Now that it’s back-to-school time, your child (or you!) may be in paralysis mode. Are you ready to launch the college search? 

It’s okay to say no.

I know that it’s easy to feel completely unprepared, especially when the college search is changing so much right now. 

I thought of five myths right before breakfast. I’m channeling the show “MythBusters” because my 12 years in college admission means I’ve seen it all.

Here are eight quick myths about college admissions, the college search and saving for college that I’m attempting to bust forever.

Should you save for college right now because of market volatility?
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Myth #1: I shouldn’t save for college right now because of market volatility.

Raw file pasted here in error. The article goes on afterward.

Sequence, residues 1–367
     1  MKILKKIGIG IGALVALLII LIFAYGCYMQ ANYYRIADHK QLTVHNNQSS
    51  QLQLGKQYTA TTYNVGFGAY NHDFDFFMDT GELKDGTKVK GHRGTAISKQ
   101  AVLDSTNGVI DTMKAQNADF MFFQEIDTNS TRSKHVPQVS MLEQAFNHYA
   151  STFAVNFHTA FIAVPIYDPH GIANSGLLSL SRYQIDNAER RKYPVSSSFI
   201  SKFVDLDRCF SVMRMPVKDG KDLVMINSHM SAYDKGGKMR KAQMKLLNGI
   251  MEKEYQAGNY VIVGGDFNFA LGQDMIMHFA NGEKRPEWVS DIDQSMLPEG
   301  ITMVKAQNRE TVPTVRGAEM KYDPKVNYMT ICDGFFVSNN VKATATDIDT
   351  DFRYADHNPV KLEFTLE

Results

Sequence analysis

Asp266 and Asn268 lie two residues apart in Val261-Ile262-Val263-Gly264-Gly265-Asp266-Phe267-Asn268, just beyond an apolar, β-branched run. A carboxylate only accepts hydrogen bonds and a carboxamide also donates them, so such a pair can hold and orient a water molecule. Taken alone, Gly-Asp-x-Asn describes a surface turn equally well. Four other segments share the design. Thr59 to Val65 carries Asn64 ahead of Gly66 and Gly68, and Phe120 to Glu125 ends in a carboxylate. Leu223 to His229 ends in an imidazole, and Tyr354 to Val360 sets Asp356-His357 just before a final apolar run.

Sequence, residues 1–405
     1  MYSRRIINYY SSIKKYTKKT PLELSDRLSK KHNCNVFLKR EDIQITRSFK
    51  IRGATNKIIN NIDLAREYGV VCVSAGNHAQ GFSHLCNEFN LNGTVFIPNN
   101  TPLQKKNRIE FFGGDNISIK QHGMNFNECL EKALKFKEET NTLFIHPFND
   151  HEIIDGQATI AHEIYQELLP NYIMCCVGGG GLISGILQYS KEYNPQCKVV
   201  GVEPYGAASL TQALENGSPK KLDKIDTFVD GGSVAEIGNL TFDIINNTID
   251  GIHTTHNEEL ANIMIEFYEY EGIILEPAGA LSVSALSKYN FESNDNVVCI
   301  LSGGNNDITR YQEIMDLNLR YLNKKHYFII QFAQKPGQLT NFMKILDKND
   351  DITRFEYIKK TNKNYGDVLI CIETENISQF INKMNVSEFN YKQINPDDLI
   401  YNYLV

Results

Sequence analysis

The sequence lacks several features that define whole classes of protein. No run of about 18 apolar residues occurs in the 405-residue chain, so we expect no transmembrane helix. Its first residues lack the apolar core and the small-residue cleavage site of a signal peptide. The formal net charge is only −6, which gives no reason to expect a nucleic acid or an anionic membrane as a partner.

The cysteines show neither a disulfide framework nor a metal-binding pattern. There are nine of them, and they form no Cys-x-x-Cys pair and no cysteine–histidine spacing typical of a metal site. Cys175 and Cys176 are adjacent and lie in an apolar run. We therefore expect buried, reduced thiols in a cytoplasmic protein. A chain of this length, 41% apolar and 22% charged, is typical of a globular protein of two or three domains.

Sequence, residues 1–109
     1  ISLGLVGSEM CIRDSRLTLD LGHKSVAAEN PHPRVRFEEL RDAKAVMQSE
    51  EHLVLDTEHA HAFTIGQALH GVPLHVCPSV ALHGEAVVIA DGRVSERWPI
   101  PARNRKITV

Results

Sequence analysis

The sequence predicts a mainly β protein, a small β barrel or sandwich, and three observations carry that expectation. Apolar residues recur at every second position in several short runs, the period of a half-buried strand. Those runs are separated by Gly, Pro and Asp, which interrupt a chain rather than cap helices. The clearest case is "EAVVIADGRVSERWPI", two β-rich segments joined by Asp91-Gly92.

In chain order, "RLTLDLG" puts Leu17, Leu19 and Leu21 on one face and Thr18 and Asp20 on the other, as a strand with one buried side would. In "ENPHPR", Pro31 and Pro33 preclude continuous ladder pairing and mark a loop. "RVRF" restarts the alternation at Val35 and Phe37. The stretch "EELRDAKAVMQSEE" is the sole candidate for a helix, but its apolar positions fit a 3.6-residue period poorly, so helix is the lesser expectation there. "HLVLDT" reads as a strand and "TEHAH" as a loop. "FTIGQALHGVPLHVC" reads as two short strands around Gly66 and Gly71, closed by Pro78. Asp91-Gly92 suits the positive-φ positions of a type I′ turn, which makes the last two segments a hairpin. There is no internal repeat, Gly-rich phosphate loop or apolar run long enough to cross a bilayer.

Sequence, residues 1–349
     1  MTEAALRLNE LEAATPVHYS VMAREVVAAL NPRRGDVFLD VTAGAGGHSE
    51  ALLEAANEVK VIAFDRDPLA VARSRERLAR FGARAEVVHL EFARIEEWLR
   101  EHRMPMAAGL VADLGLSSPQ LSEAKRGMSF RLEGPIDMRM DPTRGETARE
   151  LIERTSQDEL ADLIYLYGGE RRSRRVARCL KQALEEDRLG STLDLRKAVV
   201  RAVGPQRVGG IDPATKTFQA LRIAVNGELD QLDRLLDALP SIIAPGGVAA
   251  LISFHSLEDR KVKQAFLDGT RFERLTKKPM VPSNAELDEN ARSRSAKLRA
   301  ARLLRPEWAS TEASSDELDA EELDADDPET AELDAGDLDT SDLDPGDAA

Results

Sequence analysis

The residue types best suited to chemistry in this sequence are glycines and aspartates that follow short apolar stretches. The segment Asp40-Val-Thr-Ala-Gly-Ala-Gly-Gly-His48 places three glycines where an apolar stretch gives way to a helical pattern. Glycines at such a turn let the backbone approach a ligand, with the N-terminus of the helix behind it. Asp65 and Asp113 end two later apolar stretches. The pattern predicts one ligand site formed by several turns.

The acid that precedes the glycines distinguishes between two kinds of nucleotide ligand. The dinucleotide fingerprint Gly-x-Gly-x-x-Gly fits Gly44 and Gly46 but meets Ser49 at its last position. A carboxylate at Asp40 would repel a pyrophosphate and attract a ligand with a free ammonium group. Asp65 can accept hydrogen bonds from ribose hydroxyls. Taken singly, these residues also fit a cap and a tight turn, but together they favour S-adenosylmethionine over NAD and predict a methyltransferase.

Market volatility can actually benefit you right now. The downturn in the markets means that you’ll be getting your investments “on sale.” Let’s say you just had a newborn. A portfolio diversified with a mix of stocks and bonds means you can buy shares of his 529 plan with less money. 

Here’s what happens when the market goes up: You’ll still have that exact number of shares when the market goes back up — and they’ll be worth a lot more money. 

It’s a really, really good idea to save for college right now.

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Myth #2: It’s too late to save for college if my child’s in high school.

Let’s say your child is a high school junior and you’re thinking it’s too late to save for college. 

You should save. There’s a really good reason for that, too. A study showed that it’s more likely that your child will go to college, even if you don’t have a lot saved. The study said that if parents save a small amount (less than $500), a child is 25 percent more likely to enroll in college and 64 percent more likely to graduate than a child with no savings. The study is from the Center for Social Development at Washington University in St. Louis.